Everyone’s in sales.  The group was nearly unanimous in emphasizing that being successful as a procurement organization means being good at internal selling of the value that Procurement can bring to the various stakeholders.  One popular strategy was to both hire from, and rotate into, other departments in the organization in order to get talent that understands the different areas. 


3.  Risk didn’t disappear with the end of the Recession

Supply risk was a substantial topic of concern across the group.  While the risks from imminent supplier bankruptcies may be diminishing (albeit not disappearing) with the prospect of economic growth, other risks remain.  In fact, a majority of the CPOs present said that many of the risks have actually increased in recent months. 


Chief among these was commodity risk, both availability and volatility. 

          Sodexo – Worried about supply (i.e. capacity) that’s been pulled off the market and the ability to respond quickly to changes in demand

          JM Huber – Problems loom on basic commodities; concerned in particular about China both as a source of supply and a competitor for resources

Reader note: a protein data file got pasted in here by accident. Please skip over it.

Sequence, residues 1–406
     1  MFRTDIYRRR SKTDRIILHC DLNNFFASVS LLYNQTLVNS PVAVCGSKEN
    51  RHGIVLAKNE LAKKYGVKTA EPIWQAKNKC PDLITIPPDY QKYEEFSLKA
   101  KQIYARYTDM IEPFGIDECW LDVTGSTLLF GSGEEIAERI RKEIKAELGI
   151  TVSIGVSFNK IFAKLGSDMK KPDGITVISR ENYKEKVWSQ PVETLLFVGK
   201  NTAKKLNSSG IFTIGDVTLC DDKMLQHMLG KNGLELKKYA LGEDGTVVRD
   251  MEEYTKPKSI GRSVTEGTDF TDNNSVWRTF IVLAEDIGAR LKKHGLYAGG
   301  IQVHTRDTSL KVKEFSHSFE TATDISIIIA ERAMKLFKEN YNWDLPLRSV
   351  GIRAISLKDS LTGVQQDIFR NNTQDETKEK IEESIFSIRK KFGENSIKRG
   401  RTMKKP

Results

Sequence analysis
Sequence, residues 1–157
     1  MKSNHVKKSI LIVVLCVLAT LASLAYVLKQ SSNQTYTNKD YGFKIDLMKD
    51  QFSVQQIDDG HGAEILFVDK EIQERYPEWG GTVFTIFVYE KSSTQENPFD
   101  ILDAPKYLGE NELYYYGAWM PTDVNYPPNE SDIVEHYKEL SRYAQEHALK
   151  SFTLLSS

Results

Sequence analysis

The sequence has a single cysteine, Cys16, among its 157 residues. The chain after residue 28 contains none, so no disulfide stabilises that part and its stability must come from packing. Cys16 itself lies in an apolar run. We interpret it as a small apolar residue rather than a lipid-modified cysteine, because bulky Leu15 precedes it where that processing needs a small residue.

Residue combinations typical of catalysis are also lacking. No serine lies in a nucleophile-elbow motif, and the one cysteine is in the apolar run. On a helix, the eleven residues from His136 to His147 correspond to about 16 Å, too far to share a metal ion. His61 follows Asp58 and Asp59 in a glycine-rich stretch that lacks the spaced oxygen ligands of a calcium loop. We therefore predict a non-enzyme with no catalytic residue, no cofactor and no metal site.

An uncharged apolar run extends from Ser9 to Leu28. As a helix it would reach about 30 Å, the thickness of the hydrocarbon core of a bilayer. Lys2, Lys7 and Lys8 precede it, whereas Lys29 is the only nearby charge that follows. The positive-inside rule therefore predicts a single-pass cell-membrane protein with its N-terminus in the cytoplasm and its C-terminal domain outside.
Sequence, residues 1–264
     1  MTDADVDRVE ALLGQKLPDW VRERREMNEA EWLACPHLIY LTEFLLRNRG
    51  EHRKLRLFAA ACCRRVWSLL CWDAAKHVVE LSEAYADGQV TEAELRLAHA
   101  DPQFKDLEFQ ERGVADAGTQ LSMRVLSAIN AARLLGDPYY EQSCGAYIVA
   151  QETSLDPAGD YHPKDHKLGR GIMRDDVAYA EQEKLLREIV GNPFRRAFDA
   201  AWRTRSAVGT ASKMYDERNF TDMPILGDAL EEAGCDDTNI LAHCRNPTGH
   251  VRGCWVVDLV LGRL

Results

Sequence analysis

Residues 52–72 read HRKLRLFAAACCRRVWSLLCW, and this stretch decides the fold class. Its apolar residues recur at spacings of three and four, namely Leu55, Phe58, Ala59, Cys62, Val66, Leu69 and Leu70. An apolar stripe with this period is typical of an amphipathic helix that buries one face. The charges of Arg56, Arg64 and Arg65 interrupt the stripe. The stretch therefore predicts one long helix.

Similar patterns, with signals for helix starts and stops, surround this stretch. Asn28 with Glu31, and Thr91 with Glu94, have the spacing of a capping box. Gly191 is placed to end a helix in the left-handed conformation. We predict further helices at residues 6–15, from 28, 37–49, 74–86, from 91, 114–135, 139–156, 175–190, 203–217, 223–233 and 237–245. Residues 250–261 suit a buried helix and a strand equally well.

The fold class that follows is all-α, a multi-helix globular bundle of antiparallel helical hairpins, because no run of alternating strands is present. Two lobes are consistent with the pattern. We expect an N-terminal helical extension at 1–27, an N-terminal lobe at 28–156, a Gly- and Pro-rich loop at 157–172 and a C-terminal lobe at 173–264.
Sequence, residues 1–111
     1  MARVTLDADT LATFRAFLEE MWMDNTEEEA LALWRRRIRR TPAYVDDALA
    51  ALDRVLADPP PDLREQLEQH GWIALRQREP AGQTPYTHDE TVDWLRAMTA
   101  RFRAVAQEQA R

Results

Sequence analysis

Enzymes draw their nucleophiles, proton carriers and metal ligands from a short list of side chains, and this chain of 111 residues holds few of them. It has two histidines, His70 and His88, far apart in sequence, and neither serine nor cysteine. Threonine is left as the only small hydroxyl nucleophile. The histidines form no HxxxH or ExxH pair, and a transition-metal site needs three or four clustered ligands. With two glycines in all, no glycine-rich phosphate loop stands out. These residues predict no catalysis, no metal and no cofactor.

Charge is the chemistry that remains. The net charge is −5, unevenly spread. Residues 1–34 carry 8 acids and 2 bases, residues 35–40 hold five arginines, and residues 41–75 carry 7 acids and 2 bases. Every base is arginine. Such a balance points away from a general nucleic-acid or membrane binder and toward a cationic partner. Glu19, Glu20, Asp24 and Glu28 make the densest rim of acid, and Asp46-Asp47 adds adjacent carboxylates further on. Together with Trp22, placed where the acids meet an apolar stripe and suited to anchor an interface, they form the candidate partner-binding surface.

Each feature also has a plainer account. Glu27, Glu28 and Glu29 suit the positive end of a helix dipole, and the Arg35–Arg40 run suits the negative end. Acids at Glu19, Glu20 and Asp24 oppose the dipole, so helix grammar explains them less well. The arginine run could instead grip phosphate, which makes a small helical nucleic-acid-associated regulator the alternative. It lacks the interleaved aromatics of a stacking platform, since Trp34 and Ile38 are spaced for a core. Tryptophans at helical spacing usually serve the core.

Suntrust  - Risk stratified through supplier segmentation and monitored through periodic performance and relationship reviews.  Contracts put in place into Supplier Relationship Management system monitors mitigation plans

          Multiple - Procurement need better competencies across the board, especially in non-typical areas such as stakeholder management, strategic planning and financial analysis

          Johnson & Johnson – Risk continues to be a huge issue, especially in highly-regulated environments and with longer supply chains (i.e. more tiers)

          JM Huber - Increase visibility enough to ask the right questions and avoid the “table stakes”; schedule time to review on a regular basis with the commodity-specific managers

          Multiple - Very limited visibility to any risks embedded in tiers further down the supply chain, but they know they’re there

          Getting others to sign off on contracts and expectations. 


Of course, that doesn’t mean that supplier viability is a dead issue.  Many organizations were continuing to deal with struggling suppliers. 

          McDonalds – Suppliers are still at risk and need a better way to keep them on track, especially when your company represents a substantial portion of the supplier’s business. 

          Multiple - There is risk in managing all suppliers.  A strong new supplier development programs is key to mitigating risk going forward


Overall, risk ranked in the top four “top of mind” topics for most of the CPOs in the room.


4.  Value is the new goal, but savings are still king